Central Locking Installation Instructions

The motivation for installing my Central Locking was laziness.

  1. Central Locking is a prerequisite for opening/closing a car using a remote control.

  2. I was so used to the remote control in my other car, that I was frequently leaving the Cappo's passenger door open.

  3. The omission of the ritual "once over" before leaving the car.


  1. This guidance forms the basis for subsequent installation of a remote control system.

  2. With this project (as with the loudspeaker installation) it was important to me not to damage any part of the Cappo and for all modifications to be invisible.

  3. I tested all electrical connections (Central Locking and remote control) before installation into the car (see picture below). However, in general it's hard to to do anything wrong.


For the Cappo, I used Waeco's standard Central Locking system, the Magic LOCK ML-44. Waeco is a so-called Original Equipment Manufacturer (OEM) and the kit can be bought from Conrad electronics for DM 99. There is also inexpensive version, the ML-22 for DM 79 or thereabouts.
All parts: Central Locking with remote control

Components of the ML-44:

The kit comprises:
2 x Actuators (with sensor = 5 cables) (intended for front doors)
2 x Actuators (without sensor = 2 cables) (intended for rear doors)
1 x Controller
Set of cables and installation hardware

Why ML-44?

As I wanted to use remote control from the outset, I did not need the actuators with sensor.

In the intended installation with the sensor actuators, when the driver's door is opened with the door key, the actuator sends an "open" signal to the other door's actuator via the control unit. However when the remote module is fitted, then both actuators will be simultaneously stimulated, via the control unit, when the remote control is pressed. Actuators with sensors are then not needed, as central locking via key activation is not absolutely necessary.

Advantage: The Cappo is a small car. By using the sensor actuators one would have 5 cables entering the door, plus 2 for the window motors; I do not believe that is not physically viable

Thought: It is possible that the actuators with sensor will work exactly the same as the actuators without sensor, if the additional sensor lines are not used. If so, then the ML-22 kit would do the job. (Though for an extra DM 20, I have two spare actuators in case of failures)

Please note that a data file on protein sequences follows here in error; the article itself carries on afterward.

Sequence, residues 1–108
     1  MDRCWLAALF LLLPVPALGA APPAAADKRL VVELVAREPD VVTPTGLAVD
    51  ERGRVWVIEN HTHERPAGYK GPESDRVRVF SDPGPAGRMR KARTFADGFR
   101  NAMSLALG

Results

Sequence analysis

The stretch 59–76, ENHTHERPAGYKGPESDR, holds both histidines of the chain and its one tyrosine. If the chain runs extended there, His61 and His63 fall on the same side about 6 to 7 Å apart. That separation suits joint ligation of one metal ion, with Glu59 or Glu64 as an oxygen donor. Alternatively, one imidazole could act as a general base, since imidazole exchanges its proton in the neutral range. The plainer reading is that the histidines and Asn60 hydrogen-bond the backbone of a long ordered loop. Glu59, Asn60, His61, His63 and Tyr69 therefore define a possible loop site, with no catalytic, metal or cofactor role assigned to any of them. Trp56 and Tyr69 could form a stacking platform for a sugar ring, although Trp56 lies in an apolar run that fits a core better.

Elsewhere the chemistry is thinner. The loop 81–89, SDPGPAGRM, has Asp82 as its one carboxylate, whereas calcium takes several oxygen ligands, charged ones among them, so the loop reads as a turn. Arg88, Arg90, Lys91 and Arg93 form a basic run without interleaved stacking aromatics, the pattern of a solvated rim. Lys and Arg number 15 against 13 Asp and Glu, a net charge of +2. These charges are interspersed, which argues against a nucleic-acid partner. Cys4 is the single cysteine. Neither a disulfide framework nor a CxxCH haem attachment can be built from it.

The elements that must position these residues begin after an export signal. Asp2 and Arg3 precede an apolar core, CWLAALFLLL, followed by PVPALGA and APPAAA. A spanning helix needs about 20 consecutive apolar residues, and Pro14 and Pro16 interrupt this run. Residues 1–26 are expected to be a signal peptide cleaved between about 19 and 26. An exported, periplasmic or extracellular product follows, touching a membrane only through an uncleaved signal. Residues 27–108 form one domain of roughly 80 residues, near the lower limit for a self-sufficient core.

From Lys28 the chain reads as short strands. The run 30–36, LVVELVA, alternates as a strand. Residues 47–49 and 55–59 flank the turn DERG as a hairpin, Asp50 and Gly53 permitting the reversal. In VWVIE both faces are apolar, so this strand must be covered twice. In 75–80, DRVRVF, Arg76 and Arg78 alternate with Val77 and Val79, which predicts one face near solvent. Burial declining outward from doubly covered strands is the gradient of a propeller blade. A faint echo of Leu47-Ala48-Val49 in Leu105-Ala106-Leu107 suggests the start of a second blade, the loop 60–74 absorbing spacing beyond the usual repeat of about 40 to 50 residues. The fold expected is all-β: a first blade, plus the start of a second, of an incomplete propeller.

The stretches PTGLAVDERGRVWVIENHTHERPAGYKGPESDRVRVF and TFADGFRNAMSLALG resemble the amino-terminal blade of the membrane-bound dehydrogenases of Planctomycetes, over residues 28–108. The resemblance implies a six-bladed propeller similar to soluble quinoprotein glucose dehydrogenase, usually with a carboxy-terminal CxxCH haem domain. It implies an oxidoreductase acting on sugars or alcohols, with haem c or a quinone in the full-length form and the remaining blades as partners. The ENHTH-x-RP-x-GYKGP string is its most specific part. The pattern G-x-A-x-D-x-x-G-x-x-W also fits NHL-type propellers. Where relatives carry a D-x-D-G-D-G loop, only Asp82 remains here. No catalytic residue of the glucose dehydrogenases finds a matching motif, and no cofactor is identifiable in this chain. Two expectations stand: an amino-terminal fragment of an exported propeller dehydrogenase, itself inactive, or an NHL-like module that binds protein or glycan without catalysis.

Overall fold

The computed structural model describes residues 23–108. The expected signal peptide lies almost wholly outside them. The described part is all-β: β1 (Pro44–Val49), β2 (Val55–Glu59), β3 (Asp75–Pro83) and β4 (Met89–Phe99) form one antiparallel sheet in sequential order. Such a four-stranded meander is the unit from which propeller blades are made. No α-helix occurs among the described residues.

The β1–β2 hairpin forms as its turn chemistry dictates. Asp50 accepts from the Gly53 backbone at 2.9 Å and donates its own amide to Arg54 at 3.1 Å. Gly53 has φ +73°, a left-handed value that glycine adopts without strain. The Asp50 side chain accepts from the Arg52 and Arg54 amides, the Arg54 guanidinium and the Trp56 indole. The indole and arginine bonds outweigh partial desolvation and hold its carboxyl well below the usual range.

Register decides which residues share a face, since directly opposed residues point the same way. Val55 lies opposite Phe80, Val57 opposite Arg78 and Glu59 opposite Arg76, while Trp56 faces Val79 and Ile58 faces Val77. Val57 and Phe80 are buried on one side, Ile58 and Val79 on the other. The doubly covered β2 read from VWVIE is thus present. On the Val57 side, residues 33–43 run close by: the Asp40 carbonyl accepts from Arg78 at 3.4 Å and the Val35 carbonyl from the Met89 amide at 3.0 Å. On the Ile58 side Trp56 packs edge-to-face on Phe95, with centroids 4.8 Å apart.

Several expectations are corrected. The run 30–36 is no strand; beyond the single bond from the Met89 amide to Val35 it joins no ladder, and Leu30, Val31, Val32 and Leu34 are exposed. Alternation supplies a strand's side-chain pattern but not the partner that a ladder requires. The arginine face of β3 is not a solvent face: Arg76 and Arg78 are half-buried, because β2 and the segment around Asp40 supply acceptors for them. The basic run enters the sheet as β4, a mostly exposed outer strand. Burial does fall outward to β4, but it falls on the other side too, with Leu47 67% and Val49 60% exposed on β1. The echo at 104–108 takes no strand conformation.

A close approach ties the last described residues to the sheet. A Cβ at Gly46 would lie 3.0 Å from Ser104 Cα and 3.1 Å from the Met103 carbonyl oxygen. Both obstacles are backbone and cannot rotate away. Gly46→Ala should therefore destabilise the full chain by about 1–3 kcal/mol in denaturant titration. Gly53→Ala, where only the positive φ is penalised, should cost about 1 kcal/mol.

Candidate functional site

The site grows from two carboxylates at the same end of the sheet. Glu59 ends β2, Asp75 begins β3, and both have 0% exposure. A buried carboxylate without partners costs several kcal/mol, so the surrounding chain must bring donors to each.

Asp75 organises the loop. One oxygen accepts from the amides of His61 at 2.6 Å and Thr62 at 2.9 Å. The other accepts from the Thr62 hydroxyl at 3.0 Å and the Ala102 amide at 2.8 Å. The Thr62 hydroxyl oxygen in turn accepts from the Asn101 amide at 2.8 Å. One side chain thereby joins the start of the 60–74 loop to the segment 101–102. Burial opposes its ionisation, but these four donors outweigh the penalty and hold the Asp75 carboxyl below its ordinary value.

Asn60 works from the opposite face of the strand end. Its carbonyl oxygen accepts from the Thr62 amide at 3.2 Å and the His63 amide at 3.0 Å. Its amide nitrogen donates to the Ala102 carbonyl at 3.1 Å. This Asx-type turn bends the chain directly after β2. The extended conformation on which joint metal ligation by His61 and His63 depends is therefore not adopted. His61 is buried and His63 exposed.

Central Locking operates quite simply. First one uses so-called ACTUATORS. These are built into the door. They consist of a housing and a moving plunger (with a throw of about 2cm). This plunger is forced out by supplying +12 Volts and pulled back in with -12 Volts.

Through the use of mechanical linkages, this device provides sufficient force to operate the door lock mechanism.

The controller is fitted in the car interior (on driver's side, there's plenty of room low on the right) and is connected to the actuators via cables. The controller must be permanently powered with 12 V, e.g. from the radio. This device gives both doors a common open/close signal.

Installation of the actuator into the door:

First the door trim must be removed, having already removed the door handle and internal opening lever. The trim itself is held with pushbuttons, which one can be carefully prized up. Unlike many other vehicles, is very easy to remove a Cappo's door trim. Thus: Remove the door trim and store safely.

Right door without lining

The inside of the door is covered with a plastic film, fastened with a sticky mastic. The film is best removed at the top and allowed to hang down, thus making it much easier to reposition when finished. If possible do not touch the mastic, which is extremely sticky.

The first question, which I posed myself was: "How do I position an actuator without interfering with the window lift mechanism?" After approximately 1 hour of fiddling I found a suitable position. (see picture)
The actuator's mounting lugs were slightly too wide so I shortened them by about 2 mm each (using a saw). Only then would the unit fit the desired location.

Caution before installation: The window must open and close without interference (test test test).

Unfortunately holes in the door must now be drilled. But only small ones.
Then, the actuator is screwed firmly to the door.

Now bend and cut the metal rods (also included in the kit) into shape, to connect the actuator to the existing door lock linkage. The rod is screwed firmly into the the eye of the actuator's plunger, and to the door's locking linkage.

The actuator forces its plunger out to unlock the door, and pulls in to lock. One can check this function by briefly stimulating the actuator with 12/-12 Volts. Application of the appropriate voltage should now open/lock the door.

Repeat the steps, as described, for the other door.

Important: Since the actuator is asymmetric, it will not locate in the passenger door in exactly the same position. I had to put it somewhat lower. (see picture)


If up to this point everything has worked, then the actuator's cables can be fed via the door seal to the car interior. This is a little tricky. I determined that it is best to pull the seal out.

Right door without trim

On the right side of the car you can access a rubber seal. Also here one must have some patience. I eased the hole of the seal somewhat with a pointed screwdriver, to better allow the cables to pass through.

Reconnect any disconnected cables to the control unit. (see connection diagram) Test all functions, and secure cables with cable straps. Reassemble doors and you're finished!

Have fun tinkering - Yours Ronald - 19 July 2001 (Hi Adrian Furniss, thank you for translation)